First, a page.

The Republican nomination is all wrapped up. The Democrats are still fighting but, as Chris Dodd said, “I think it’s very difficult to imagine how anyone can believe that Barack Obama can’t be the nominee of the party. I think that’s a foregone conclusion, in my view, at this juncture given where things are.” The Libertarian Party has a wide open race.

Besides a number of people only known to libertarian activists, there are two somewhat well known politicians who might seek the nomination–and neither one of them is Ron Paul. Mike Gravel has joined the Libertarian Party.

“I’m joining the Libertarian Party because it is a party that combines a commitment to freedom and peace that can’t be found in the two major parties that control the government and politics of America,” Gravel said in a statement. “My libertarian views, as well as my strong stance against war, the military industrial complex and American imperialism, seem not to be tolerated by Democratic Party elites who are out of touch with the average American.”

Some of his views, such as universal health care, might not go over very well among libertarians.

Bob Barr is also thinking of running. I noted last April that he had quit the Republican Party and joined the Libertarian Party. If Barr runs for the presidential nomination, he would also make opposition to the Iraq war a major issue:

“There’s been a tremendous expressed to me both directly and indirectly on the Internet. I take that support very seriously, and I think it also reflects a great deal of dissatisfaction with the current candidates and the current two-party system. So it is something, to be honest with you, that I’m looking very seriously at.”

Barr said a Libertarian candidacy would essentially be an extension of the Ron Paul campaign.

“Ron Paul tapped into a great deal of that dissatisfaction and that awareness. Unfortunately, working through the Republican party structure, it became impossible for him to really move forward with his movement. But we have to have ….a rallying point out there to harness that energy, that freedom in this election cycle,” Barr said.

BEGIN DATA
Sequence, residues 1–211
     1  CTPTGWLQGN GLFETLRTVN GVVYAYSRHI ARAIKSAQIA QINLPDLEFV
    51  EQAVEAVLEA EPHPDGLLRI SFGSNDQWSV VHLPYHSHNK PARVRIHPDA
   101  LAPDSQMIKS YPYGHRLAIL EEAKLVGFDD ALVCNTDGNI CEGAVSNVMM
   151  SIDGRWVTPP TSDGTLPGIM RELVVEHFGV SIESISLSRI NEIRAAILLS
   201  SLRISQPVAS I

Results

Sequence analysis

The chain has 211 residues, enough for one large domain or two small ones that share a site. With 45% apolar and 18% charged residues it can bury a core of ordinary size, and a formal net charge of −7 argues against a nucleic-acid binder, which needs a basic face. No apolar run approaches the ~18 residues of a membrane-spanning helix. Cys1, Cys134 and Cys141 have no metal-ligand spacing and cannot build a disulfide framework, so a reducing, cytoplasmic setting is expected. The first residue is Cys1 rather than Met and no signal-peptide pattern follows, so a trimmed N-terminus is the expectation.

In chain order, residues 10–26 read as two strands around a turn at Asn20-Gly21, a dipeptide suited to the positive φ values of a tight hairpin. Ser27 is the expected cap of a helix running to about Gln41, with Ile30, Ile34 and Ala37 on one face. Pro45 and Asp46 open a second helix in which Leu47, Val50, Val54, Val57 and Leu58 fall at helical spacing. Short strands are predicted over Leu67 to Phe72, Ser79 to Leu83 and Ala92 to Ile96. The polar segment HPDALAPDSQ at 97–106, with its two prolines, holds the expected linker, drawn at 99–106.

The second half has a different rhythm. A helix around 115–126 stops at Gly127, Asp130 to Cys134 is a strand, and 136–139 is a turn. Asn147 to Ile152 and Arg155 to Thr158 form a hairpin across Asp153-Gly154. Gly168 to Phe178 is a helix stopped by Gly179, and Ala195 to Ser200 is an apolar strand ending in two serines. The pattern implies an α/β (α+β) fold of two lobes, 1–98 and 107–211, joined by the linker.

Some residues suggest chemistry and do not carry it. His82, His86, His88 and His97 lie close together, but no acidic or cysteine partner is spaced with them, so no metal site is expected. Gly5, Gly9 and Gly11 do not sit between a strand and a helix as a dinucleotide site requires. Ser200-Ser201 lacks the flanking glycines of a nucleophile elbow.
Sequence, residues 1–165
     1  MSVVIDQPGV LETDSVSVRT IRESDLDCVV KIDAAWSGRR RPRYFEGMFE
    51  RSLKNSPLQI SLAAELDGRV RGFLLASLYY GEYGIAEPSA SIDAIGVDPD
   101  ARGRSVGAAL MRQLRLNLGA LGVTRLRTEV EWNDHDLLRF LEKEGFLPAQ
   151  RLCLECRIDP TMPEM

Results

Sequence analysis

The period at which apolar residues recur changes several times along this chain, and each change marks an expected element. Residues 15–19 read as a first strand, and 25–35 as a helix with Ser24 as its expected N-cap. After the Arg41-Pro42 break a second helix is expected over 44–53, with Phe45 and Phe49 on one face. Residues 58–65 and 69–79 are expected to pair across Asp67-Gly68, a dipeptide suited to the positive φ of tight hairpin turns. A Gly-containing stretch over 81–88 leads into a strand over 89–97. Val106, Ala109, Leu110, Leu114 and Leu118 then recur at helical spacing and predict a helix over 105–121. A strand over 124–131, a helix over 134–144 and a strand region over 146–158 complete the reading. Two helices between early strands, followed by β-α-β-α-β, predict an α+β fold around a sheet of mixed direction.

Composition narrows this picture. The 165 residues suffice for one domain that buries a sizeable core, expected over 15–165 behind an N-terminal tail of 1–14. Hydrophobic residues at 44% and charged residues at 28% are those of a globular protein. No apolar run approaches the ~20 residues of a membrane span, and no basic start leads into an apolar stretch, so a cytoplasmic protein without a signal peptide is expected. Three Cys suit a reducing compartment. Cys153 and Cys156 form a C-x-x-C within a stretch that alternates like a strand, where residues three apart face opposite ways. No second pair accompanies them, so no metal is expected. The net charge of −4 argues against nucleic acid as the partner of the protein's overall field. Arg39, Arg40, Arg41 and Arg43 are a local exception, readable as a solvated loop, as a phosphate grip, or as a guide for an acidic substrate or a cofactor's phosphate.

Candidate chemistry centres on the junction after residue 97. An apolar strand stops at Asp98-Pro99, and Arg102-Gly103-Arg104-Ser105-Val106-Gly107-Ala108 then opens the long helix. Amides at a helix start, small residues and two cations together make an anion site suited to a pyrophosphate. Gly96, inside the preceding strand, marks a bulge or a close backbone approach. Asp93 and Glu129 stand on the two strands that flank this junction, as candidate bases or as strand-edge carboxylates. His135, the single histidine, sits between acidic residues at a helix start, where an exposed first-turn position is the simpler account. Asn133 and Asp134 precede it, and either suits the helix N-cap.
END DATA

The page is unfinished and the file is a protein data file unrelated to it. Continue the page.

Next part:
On Iraq:

“What we’ve fallen into in recent years — not just since 9/11, but particularly since 9/11 — is this notion that, in order to protect ourselves, we have to preemptively go into and — in the case of Iraq — occupy another sovereign nation,” Barr said. “Simply saying, ‘Gee, it’s better to fight over in this other nation and destroy another nation, so we’re not potentially attacked here, is the height of arrogance.”

As for the Bush administration’s refusal to define waterboarding as torture, Barr referred to the practice as “sophistry of the worst and rankest order.”

Spring Break Camera Order And Internet Cons

I have a bad habit of buying a new toy such as a camera lens before going on vacation. I also tend to buy a lot on line, generally without problems, but did experience a dishonest company today which I’ll get to below. I have contemplated adding posts talking about many of the gadgets I play with, figuring that some readers might be interested and others who are interested in the products would find them from searches. Running into crooked sales people gave me the incentive to write such a post, feeling that companies with dishonest practices like the one I ordered from deserve to be written up when they encounter people with blogs.

With spring break coming up, this time I decided to upgrade my pocket camera. (I always carry one with me while traveling for those times when I leave the SLR back in the room). I ordered a Panasonic Lumix DMC-FX35. It has a few advantages over my current favorite pocket camera, a Canon S70. It is smaller and has all the added technology of the last few years, which may or may not make a difference, such as image stabilization. More importantly it has a 25 mm Carl Zeus lens. If I only have one lens (or a single lens camera in this case) I want one which includes wide angle going to at least 28 mm. The other advantage is that the camera has  remarkable video capabilities for a pocket camera, including making videos in high definition. Videos are 720p so some purists might object that it doesn’t handle full 1080p, but for a pocket sized camera this is much more than I previously expected to see. This will come in handy should I want a video at any time I don’t want to take a whole camcorder along.

A few potential downsides are that the camera lacks full manual controls (which the S70 has), it cannot zoom while making videos, and while not crucial I am surprised it uses component cables rather than HDMI for the HD video. Besides, a standard HDMI port would mean I wouldn’t have to spend extra for a proprietary component video cable to fit a small camera. Maybe they want to be able to sell the accessory cable. At least they are upfront about the cable, which is far better than the first dealer I ordered this from.

I decided to do a Google search for the camera and came across one of those sites which find the cheapest price for a product on line. I figured that my risk was small. I ordered by credit card, and if worst came to worst and I didn’t receive the camera I actually have an extra Canon Elph along with my Canon S70 so it would be no crisis. I’d also be traveling with an SLR, and in a real pinch there is a (crappy) camera in my cell phone). I ordered from a place called TechonDigital purely because they offered the camera at the lowest price.